High Fidelity, abbreviated as Hi-Fi, is the term used to connote high quality in sound and images, and in this case High Fidelity, John Cusack’s 2000 romantic comedy, rightfully earns the status of Hi-Fi. Great music, likeable characters and a lovely message for all those fearful of commitment, High Fidelity is easily a favourite for most.
John Cusack’s portrayal of Rob Gordon is truly memorable, and it’s this character that takes us on a journey of self development that both men and women can relate to. Rob Gordon is a flawed but so likeable character and ultimately we are interested in his fate, which keeps us entertained through-out the seemingly long runtime of 113 minutes. Deep down Rob Gordon is a romantic, but his fear of commitment is what prevents him from, basically, fulfilling his dreams. We all have dreams, we all want to have a sense of meaning and purpose in life, and this is why High Fidelity resonates with many. On top of that the story-telling style employed in this hi-fi of a film is rather enjoyable.
The reason why it feels like we get to known Rob Gordon so well is that we are never left in doubt about what he is thinking or feeling, well, because, he tells us, directly. Not only does this open the door into the developing philosophy of Rob Gordon, but it enhances the films comedic value. High Fidelity is an adaptation from Nick Hornby’s novel of the same name, and with his blessing, the adapted script doesn’t skip a beat, it’s relevant and full of meaning, making High Fidelity a film that will stand the test of time, besides maybe the wardrobe choices!
Jack Black (Barry) works well as a supporting cast member, making his loud and bouncy nature a scarce occurrence, which works to add comedic relief, plus we get to hear him sing in this film, which is always a treat. Todd Louiso (Dick) is the shyest of the bunch, but his performance is fantastic, I really wanted to see more about this character, but he serves his purpose for the film exceptionally well. What ever happened to Todd Louiso? Perhaps a High Fidelity Side B: Dick’s Mix? And then there is Laura (Iben Hjejle) who happens to be Rob’s most recent break-up. She delivers one of the best lines in the film, when she tells Rob, “make yourself happy,” in reply to what would make her happy.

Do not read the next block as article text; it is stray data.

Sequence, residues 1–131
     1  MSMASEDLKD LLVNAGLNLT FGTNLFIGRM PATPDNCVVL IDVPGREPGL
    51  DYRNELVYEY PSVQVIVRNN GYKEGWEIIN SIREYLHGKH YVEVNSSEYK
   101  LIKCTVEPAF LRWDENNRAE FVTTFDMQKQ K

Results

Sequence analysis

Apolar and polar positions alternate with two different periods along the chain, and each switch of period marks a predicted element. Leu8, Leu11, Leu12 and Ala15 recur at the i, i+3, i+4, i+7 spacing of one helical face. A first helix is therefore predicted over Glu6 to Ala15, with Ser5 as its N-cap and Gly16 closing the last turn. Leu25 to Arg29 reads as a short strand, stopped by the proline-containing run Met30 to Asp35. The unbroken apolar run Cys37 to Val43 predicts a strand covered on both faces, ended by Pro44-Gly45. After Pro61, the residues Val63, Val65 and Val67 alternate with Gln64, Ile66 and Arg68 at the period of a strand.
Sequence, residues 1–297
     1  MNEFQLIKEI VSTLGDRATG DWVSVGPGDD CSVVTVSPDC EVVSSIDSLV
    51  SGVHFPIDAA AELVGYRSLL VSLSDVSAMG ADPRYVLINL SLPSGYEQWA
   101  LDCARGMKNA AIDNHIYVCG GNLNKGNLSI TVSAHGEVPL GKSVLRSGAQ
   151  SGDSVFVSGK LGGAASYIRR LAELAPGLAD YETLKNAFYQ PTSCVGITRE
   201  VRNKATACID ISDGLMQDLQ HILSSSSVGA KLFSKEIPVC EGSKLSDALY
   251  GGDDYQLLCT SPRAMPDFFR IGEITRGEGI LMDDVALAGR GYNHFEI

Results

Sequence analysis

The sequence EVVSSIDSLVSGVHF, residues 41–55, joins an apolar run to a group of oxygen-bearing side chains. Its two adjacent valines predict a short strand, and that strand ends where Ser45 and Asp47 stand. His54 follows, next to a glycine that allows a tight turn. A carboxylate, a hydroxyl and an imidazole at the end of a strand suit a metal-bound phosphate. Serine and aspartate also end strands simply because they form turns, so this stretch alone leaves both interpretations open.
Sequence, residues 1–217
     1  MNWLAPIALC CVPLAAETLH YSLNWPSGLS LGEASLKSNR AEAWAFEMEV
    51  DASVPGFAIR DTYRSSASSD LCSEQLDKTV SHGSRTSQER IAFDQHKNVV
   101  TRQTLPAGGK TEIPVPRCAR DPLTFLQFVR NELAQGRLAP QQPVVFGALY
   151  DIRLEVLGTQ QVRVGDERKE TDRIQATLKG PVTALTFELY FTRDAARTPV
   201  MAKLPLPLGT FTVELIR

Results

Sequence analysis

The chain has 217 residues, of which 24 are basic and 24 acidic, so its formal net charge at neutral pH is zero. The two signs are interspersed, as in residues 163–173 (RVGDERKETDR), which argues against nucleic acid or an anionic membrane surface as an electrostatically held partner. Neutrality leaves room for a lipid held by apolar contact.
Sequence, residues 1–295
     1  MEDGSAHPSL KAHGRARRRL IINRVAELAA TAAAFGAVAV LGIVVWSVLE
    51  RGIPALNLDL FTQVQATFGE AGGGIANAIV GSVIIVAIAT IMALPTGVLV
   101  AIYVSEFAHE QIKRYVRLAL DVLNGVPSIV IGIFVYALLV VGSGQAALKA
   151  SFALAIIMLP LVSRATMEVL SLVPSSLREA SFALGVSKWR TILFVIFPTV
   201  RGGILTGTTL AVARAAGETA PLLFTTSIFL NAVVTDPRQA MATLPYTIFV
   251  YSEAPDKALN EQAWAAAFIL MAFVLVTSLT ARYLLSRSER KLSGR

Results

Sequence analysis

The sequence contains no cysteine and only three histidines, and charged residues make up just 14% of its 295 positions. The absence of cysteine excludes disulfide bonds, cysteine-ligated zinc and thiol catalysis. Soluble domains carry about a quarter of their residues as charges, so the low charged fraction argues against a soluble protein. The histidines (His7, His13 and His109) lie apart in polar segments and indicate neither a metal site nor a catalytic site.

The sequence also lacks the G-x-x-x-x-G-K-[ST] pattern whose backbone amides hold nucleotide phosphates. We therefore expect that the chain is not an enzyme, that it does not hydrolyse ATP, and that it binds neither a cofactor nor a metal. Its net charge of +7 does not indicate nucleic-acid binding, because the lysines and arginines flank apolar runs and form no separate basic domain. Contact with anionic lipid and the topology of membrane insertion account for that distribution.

Laura’s simple but ever so meaningful words embody one of the messages this film delivers. For any relationship to work, both parties need to be happy as individuals. Rob Gordon goes though a process of self-analysis where he comes to the realisation that he’s always been filling his own personal void while he pursues ‘fantasies’. Because his romantic interests have always been selfish, unknown to himself at the time, true love escapes him. It’s only until he finds his own personal satisfaction, that he can then, in turn make others happy, more importantly his true love. The way this film ends is so touching, enough to move any romantic to tears.
High Fidelity is true to it’s name. Hi-Fi performances and characters, Hi-Fi comedy and lest we forget the music! Hi-Fi meaningful messages can be found in this film, and that is why here at FilmMunch, High Fidelity earns cuisine status.
To further celebrate this iconic film, it will be the subject of our next episode on ThatMomentIn’s Podcast, so make sure you check it out!
TRIVIA COOKIES: The characters of Rob, Barry and Dick are musical aficionados, so it was a monumental task to select the soundtrack for this film. Turns out that John Cusack and his writing partners listened to over 2000 records, only to select about 70 music titles that would showcase in the film in one way or another. That is a lot of music!